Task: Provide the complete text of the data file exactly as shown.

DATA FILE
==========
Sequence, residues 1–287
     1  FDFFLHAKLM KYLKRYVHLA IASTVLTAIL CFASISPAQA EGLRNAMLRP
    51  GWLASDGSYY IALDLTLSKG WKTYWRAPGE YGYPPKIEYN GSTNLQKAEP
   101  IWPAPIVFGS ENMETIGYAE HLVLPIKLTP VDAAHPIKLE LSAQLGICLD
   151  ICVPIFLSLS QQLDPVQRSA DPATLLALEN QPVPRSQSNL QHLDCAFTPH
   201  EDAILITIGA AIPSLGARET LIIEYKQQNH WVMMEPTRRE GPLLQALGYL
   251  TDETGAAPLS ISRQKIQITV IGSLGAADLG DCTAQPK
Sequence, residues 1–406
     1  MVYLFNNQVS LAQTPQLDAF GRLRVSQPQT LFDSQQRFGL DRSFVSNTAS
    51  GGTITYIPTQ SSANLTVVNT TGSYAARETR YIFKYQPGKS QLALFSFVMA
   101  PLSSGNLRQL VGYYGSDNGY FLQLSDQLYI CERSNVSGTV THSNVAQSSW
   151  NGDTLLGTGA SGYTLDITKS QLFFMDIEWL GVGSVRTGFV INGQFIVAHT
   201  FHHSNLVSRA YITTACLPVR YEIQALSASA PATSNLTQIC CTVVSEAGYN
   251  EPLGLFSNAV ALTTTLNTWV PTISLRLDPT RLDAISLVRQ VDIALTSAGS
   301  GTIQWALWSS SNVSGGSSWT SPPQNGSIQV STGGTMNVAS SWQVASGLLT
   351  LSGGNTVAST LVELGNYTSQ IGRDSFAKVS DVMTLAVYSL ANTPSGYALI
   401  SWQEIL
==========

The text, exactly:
Sequence, residues 1–287
     1  FDFFLHAKLM KYLKRYVHLA IASTVLTAIL CFASISPAQA EGLRNAMLRP
    51  GWLASDGSYY IALDLTLSKG WKTYWRAPGE YGYPPKIEYN GSTNLQKAEP
   101  IWPAPIVFGS ENMETIGYAE HLVLPIKLTP VDAAHPIKLE LSAQLGICLD
   151  ICVPIFLSLS QQLDPVQRSA DPATLLALEN QPVPRSQSNL QHLDCAFTPH
   201  EDAILITIGA AIPSLGARET LIIEYKQQNH WVMMEPTRRE GPLLQALGYL
   251  TDETGAAPLS ISRQKIQITV IGSLGAADLG DCTAQPK
Sequence, residues 1–406
     1  MVYLFNNQVS LAQTPQLDAF GRLRVSQPQT LFDSQQRFGL DRSFVSNTAS
    51  GGTITYIPTQ SSANLTVVNT TGSYAARETR YIFKYQPGKS QLALFSFVMA
   101  PLSSGNLRQL VGYYGSDNGY FLQLSDQLYI CERSNVSGTV THSNVAQSSW
   151  NGDTLLGTGA SGYTLDITKS QLFFMDIEWL GVGSVRTGFV INGQFIVAHT
   201  FHHSNLVSRA YITTACLPVR YEIQALSASA PATSNLTQIC CTVVSEAGYN
   251  EPLGLFSNAV ALTTTLNTWV PTISLRLDPT RLDAISLVRQ VDIALTSAGS
   301  GTIQWALWSS SNVSGGSSWT SPPQNGSIQV STGGTMNVAS SWQVASGLLT
   351  LSGGNTVAST LVELGNYTSQ IGRDSFAKVS DVMTLAVYSL ANTPSGYALI
   401  SWQEIL